In our opinion, the best time to visit Rocky Mountain National Park, if you want to have access to the most hikes and scenic drives, is from June to September. This is the busiest time of the year, but if you can handle getting up extra early to beat crowds, you will have access to mostly snow free trails and be able to drive Trail Ridge Road, which we share more about in our Rocky Mountain National Park Guide.
On this past trip to the park we visited in the end of June to early July, but we have also visited mid July, and during both visits, we didn’t encounter much snow and were able to do everything we wanted, for the most part.
If you’re willing to deal with some snow and some closures, May and October will be a good time to beat crowds and will most likely have pretty decent weather, but things can change quickly, so be prepared for anything.
You can also snowshoe to Sky Pond in the winter, which would be very magical! Visiting during this time does not require a timed entry reservation, but make sure to read up on avalanche safety, as avalanches are a threat when hiking in snowy conditions.
Hike early and on a weekday!
Regardless of when you visit, we suggest starting the trail before sunrise in the summertime and early any time of the year, as it is very popular. And if you can swing it, you’ll have less crowds if you can go midweek rather than the weekend.
What to bring to hike to Sky Pond
To see everything we recommend packing for hikes, check out our hiking gear, where we share everything we bring with us when we hike, including the 10 essentials. But for this specific hike, we have a few items we really want to stress bringing with you.
If you plan on getting an early start you’ll want headlamps to guide your way. We use these headlamps and they have been great!
When hiking in the mountains at higher elevation you might feel cold one minute then sweating the next, so make sure to pack layers! During our hike, the weather changed when we got to Sky Pond, so we were glad to have a variety of clothing options!
We’d highly recommend downloading the AllTrails map before you go. While the trail is easy to follow, there are some turn offs and we like to use the map to track our progress along the trail. You will need an AllTrails+ membership to download maps, which is $35.99 a year and so worth it! (But you can get 30% off with our code aplusk30)
Depending on how early or late in the season you hike, you might encounter snow or ice on the trail. We had a small section of slick snow to cross and our Kahtoola MICROspikes were extremely helpful in this situation.
No matter what time of year you visit, the park will likely be busy with crowded trails and busy parking lots. Remember everyone is there to enjoy the parks just like you!
Things to know before hiking to Sky Pond
Before sharing more about our experience on the trail, here are a few more things to be aware of before hiking to Sky Pond.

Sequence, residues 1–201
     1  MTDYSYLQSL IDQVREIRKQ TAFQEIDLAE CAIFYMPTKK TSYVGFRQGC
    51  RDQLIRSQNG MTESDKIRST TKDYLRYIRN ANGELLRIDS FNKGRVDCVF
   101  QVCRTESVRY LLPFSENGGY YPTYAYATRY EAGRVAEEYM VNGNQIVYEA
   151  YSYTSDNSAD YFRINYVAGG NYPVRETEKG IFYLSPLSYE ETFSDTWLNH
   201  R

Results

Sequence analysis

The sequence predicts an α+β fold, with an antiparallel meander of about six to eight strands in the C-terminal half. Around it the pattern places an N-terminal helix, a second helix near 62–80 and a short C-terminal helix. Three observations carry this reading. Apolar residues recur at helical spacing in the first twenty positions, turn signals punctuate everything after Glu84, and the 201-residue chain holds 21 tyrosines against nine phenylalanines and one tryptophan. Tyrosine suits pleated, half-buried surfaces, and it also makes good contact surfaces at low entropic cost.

Check the weather
Check the weather forecast for the day so you know what to expect, but be prepared for Colorado weather to turn in an instant. On our hike, there were a lot of clouds lingering over the peaks, which dispersed when we got to the end, but quickly rolled back in, bringing cooler temperatures.
Even if the weather looks great, afternoon thunderstorms are common during the summer months in Colorado. Much of the park is at very high elevations and being on hill tops, above the treeline, or in exposed areas increases your risk of being struck by lightning. Here is a helpful article with tips on what to do if you find yourself on a trail during a storm.
It costs $25 per vehicle ($25 for motorcycles) to enter Rocky Mountain National Park, which covers 7 days. But if you’re visiting more than one National Park on your trip (or within the year), we highly recommend getting the America the Beautiful pass which is $80 per year and will get you into any National Park, monument, or forest for free.
There are plenty of toilets in the trailhead parking lot, but none along the trail. If you decide to use the restroom on the trail, please pack out any toilet paper and make sure to use a trowel to dig a hole for human waste.
Dogs are not allowed!
Just like many other National Parks, dogs are not allowed outside of parking areas and campgrounds at Rocky Mountain National Park, so please leave them at home or have a safe place for them to be while you hike.
Learn what we do with Kona if she cannot join us during our travels.
Be aware of wildlife
Rocky Mountain National Park is home to a variety of wildlife (we saw tons of elk and even some moose!), including bears and mountain lions. While we did not see either and they aren’t common to see, make sure you read what to do if you encounter one. We personally like to carry bear spray on most hikes, both for protection from animals and also any crazy humans, but it is not required in the park and most do not carry it.
Our Experience hiking to Sky Pond
Watch our experience hiking to Sky Pond at Rocky Mountain National Park!
Because we didn’t have a Bear Lake Road Corridor reservation, we woke up around 2:30 AM and left our campsite near Estes Park around 3:30 AM to ensure we got into the park well before the 5 AM reservation time began. We arrived in the lot a little before 4:30 AM and there was plenty of parking left, although with the steady flow of cars pulling in, it likely would have filled up within an hour.